For a standard hour-long workout — lifting, running, cycling — “you need to make sure you have a combination of carbs and protein” to provide a stream of energy during strenuous exercise and nutrients to repair muscle afterward
Bananas are very rich in fast-acting carbohydrates that will provide you with usable fuel for a workout, and the supply of potassium aids in maintaining muscle and nerve function. 2. Oats
Oats are packed with fiber, which facilitates a steady release of carbohydrates into your bloodstream, and therefore a steady energy supply throughout your workout.
If old-school oatmeal isn’t really your jam, here’s a great recipe for overnight oats with tons of fiber and protein. 3. Caffeine
Caffeine has been shown to help regular drinkers enjoy a workout more by generating energy, as well as to slow fatigue and increase the rate of fat-burn.
Add a couple shots of espresso in your pre-workout shake in the morning to pump up. 4. Fruit Smoothies
Fruit smoothies are an awesome pre-workout snack because they have high-quality protein, can be rapidly digested, and have the key combination of simple and complex carbohydrates. The simple carbohydrates will hit for the first 15 to 20 minutes, while the complex finally kick in around the half-hour mark. Together, these provide a steady stream of energy throughout a standard workout. 5. Chickpeas
This is an incredibly easy pre-workout snack with no cooking involved whatsoever. Just eat 1/4 to 1/3 of a cup of chickpeas, seasoned with some lemon juice for taste. A quarter cup alone will give you about 10 grams of protein, 30 grams of carbs, and almost 9 grams of fiber. 6. Egg Whites
The fat in egg yolks is metabolized slowly and therefore is likely to make you feel bloated and sluggish during your workout, so egg whites are a much better pre-workout option. A single egg white provides around 4 grams of protein and no fat. 7. Dried Fruit
This is a great option if you only have a few minutes before your workout because it’s so light, so the simple carbs will provide you instant energy without weighing you down. A few recommendations for dried fruits to eat are dried berries, apricots, and pineapple. Shoot for around a quarter cup.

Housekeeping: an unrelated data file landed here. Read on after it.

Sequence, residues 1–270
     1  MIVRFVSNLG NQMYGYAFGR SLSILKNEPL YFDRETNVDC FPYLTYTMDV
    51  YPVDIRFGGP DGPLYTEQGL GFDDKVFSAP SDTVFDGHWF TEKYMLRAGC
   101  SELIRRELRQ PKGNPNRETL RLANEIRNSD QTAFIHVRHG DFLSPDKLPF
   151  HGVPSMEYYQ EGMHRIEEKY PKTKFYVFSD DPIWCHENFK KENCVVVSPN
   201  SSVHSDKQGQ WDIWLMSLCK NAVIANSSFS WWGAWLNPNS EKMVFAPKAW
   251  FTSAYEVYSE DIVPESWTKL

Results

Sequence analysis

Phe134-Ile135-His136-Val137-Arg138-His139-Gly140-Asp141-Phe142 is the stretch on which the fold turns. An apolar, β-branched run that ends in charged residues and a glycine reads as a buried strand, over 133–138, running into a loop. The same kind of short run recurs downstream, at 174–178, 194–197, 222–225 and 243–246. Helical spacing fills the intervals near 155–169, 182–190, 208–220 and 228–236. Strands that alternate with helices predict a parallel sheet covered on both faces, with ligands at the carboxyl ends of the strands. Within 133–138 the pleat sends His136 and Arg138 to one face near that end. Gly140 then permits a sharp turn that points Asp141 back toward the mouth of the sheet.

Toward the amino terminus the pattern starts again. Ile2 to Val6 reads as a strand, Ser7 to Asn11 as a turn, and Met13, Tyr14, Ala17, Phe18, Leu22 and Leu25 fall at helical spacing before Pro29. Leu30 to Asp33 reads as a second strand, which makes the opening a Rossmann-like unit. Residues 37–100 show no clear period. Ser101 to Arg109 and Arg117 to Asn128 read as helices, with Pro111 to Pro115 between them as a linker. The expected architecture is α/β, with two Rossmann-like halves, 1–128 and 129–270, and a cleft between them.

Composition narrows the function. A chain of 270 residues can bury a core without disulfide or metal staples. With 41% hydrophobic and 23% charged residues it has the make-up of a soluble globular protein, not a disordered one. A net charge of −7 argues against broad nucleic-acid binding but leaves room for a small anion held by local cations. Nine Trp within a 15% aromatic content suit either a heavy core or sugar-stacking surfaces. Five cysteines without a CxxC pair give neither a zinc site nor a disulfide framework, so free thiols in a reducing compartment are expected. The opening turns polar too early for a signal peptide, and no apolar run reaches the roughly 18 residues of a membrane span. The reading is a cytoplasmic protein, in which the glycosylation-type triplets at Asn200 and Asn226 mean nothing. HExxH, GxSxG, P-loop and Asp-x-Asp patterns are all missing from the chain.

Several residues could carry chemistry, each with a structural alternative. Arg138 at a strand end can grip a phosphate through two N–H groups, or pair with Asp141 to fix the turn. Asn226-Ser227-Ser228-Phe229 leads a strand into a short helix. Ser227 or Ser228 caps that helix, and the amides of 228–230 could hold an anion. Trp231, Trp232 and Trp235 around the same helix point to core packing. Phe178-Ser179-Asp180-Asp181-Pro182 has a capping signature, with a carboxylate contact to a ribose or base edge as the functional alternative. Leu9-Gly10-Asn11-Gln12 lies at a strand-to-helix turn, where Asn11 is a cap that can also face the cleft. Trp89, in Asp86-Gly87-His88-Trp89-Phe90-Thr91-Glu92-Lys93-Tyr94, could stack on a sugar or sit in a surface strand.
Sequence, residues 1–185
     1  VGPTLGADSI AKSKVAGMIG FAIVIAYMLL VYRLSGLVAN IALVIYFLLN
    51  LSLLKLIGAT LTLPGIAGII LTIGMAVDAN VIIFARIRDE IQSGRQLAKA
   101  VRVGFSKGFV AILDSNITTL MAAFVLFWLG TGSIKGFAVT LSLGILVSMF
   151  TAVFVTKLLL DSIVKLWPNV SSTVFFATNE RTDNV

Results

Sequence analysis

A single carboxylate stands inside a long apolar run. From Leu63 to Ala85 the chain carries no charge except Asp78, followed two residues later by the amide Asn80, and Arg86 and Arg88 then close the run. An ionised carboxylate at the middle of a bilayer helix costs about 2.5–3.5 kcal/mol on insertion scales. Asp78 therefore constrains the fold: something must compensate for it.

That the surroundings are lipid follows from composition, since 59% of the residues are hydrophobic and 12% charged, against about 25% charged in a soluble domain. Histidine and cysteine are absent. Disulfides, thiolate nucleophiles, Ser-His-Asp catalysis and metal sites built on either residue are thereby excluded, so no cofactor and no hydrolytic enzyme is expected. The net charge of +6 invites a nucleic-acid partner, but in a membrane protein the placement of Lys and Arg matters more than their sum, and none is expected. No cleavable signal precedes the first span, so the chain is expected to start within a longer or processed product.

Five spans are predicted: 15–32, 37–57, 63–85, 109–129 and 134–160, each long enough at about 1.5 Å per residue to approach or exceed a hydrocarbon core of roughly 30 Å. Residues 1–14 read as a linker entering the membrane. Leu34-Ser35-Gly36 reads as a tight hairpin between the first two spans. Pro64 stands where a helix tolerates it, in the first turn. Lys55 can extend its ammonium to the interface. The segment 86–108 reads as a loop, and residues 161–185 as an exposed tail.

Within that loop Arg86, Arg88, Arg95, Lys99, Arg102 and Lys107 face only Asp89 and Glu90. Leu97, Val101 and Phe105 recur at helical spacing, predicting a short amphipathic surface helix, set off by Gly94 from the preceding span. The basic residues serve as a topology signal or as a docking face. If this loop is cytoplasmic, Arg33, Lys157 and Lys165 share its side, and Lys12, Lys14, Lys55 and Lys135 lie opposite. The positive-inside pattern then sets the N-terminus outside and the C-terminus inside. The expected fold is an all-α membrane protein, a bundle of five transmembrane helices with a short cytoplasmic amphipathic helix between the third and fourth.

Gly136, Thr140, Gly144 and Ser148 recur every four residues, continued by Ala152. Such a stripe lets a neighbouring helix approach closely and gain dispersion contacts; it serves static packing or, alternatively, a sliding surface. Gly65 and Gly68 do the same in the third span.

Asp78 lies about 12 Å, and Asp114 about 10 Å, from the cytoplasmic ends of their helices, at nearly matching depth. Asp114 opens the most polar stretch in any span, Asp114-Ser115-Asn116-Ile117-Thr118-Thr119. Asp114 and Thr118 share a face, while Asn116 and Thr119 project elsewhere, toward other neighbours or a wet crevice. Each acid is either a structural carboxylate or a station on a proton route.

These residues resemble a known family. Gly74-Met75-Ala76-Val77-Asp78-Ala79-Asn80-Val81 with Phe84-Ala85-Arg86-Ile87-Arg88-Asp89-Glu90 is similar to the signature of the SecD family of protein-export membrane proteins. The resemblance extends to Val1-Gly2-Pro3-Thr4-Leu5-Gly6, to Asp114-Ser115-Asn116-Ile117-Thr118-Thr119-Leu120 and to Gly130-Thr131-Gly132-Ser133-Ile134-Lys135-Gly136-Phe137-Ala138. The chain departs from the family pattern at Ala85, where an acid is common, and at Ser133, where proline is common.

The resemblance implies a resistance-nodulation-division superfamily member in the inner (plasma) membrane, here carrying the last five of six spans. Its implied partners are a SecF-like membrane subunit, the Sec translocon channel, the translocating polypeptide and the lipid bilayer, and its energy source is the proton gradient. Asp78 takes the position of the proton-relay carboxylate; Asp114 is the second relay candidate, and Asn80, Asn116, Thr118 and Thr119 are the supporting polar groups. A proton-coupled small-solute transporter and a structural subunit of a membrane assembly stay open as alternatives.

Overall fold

8. Whole Grain Toast
Whole grains — like quinoa and brown rice — are packed with fiber, providing slow-release, sustained energy throughout the duration of a workout.
Topping it off with some jam will provide you with fast-acting simple carbohydrates. Or, you can follow the recipe pictured and add greek yogurt, pistachios, and honey. 9. Greek Yogurt
Greek yogurt contains almost double the protein as normal yogurt but about half as much raw sugar as regular yogurt. Provided you aren’t lactose-intolerant, this should provide an energy boost that’s easy on the stomach.
A comparable high-protein dairy option is cottage cheese. 10. Maca
The Peruvian root maca has been growing in popularity as a natural supplement that has been seen to increase energy and stamina, among many other health benefits. Many South American soccer players eat maca before games to aid peak performance.
11. Chicken Breast and Brown Rice
If you are working out after lunch or dinner, you want to eat something that will sit well, provide you with a good deal of usable fuel, and have minimal fat. The complex carbohydrates in brown rice help sustain energy production while chicken or tofu will provide protein for muscle repair after your workout. If you prefer, you can substitute brown rice with sweet potatoes, quinoa, or other whole grains/starchy vegetables.
You definitely should avoid rich foods that will take longer to digest and likely make you uncomfortable while exercising.
REMEMBER: EAT SOMETHING
For people trying to tone and lose fat, there is a myth that by not eating, they are going to go into further deficit and lose more fat. In reality, their bodies may shut down and not lose anything.